Control of exotic annuals is often a priority when restoring degraded grasslands or shrublands. This study evaluated combinations of nutrient‐depleting (carbon addition) and seed bank‐depleting approaches for controlling exotic annuals, and compared the seed bank depletion technique of spring burning with the more easily applied technique of pulse grazing. Treatments were applied in two Box Gum woodlands over 4 years. Consistent with earlier studies, carbon addition dramatically reduced exotic annuals and available nutrients in all 3 years at both sites. Exotic annual grass abundance was significantly reduced in burnt plots following the first year and in grazed plots following the second year of application. Spring burning or grazing did not reduce available nutrients or exotic annual broadleaf abundance at either site. The effect of carbon addition on exotic annuals and available nutrients was so powerful that no additional benefit of the combination treatments was found, although at one site burning and grazing slightly reduced the effectiveness of carbon addition in suppressing broadleaf exotic annuals. We conclude that nutrient‐depleting approaches are most effective because they control both exotic annual grasses and broadleaf exotics annuals, but given their expense seed bank‐depleting approaches may be more practical where exotic annual grasses dominate. In particular, pulse grazing is readily applied across large areas, offering a relatively simple tool that if appropriately implemented could enhance outcomes of restoration investments in vegetation communities invaded by exotic annual grasses.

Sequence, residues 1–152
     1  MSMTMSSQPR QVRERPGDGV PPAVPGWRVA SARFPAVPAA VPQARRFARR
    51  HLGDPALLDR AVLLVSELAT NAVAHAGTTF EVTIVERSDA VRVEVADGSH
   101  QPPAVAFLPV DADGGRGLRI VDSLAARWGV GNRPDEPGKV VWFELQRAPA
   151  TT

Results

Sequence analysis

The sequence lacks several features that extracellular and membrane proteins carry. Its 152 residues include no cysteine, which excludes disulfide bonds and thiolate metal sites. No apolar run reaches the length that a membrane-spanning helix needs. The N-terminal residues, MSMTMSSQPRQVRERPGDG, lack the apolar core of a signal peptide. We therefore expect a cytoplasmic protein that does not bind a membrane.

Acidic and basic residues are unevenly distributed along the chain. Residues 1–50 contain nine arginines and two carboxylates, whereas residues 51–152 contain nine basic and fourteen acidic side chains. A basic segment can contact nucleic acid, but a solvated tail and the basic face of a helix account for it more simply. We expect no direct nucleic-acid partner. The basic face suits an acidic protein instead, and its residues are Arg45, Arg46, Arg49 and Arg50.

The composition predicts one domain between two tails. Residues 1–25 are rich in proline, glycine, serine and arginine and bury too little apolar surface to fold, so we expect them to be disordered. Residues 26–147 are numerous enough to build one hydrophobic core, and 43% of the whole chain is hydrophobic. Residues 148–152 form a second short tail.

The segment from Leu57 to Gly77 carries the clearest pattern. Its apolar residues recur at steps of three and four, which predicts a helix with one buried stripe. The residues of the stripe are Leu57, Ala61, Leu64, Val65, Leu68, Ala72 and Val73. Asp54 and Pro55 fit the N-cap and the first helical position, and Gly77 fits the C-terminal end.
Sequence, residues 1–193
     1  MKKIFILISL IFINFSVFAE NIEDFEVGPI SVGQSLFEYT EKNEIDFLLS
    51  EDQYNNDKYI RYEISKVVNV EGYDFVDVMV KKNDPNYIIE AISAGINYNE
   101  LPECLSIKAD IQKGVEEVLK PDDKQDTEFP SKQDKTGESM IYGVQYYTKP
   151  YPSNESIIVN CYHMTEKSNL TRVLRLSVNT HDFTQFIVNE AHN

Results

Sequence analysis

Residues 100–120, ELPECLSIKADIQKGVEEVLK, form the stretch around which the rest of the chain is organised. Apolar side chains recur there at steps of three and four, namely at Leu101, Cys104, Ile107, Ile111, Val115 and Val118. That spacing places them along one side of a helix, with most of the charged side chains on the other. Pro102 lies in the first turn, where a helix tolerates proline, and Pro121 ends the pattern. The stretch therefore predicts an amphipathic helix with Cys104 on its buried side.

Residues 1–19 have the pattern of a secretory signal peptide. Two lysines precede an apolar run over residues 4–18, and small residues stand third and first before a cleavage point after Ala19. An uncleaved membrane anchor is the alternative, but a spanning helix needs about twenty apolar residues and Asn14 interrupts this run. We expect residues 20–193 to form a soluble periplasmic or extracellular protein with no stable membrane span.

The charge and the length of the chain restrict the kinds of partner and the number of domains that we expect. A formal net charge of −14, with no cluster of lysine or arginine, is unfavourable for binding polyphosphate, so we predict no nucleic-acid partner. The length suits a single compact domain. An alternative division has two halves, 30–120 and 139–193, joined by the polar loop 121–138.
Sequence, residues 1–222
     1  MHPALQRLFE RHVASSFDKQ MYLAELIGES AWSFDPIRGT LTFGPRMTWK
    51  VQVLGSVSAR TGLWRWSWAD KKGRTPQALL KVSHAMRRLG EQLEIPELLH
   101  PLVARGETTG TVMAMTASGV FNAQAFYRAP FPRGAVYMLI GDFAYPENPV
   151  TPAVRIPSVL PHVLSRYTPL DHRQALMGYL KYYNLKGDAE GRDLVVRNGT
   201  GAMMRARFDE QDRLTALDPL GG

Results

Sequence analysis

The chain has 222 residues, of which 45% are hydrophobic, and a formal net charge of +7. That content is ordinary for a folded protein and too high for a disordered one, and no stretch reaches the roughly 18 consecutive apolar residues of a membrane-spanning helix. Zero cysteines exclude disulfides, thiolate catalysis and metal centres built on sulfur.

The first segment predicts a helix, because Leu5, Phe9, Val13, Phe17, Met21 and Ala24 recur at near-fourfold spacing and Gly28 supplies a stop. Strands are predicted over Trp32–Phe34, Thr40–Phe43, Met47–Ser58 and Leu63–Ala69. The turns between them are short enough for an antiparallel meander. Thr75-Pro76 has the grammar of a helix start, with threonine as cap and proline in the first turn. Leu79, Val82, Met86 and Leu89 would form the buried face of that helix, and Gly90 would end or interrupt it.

|Number of pages||13|
|Journal||Austral Ecology: a journal of ecology in the Southern Hemisphere|
|Publication status||Published - 2016|
Cole, I., Prober, S., Lunt, I., & Koen, T. B. (2016). Nutrient versus seed bank depletion approaches to controlling exotic annuals in threatened Box Gum woodlands. Austral Ecology: a journal of ecology in the Southern Hemisphere, 41(1), 40-52. https://doi.org/10.1111/aec.12293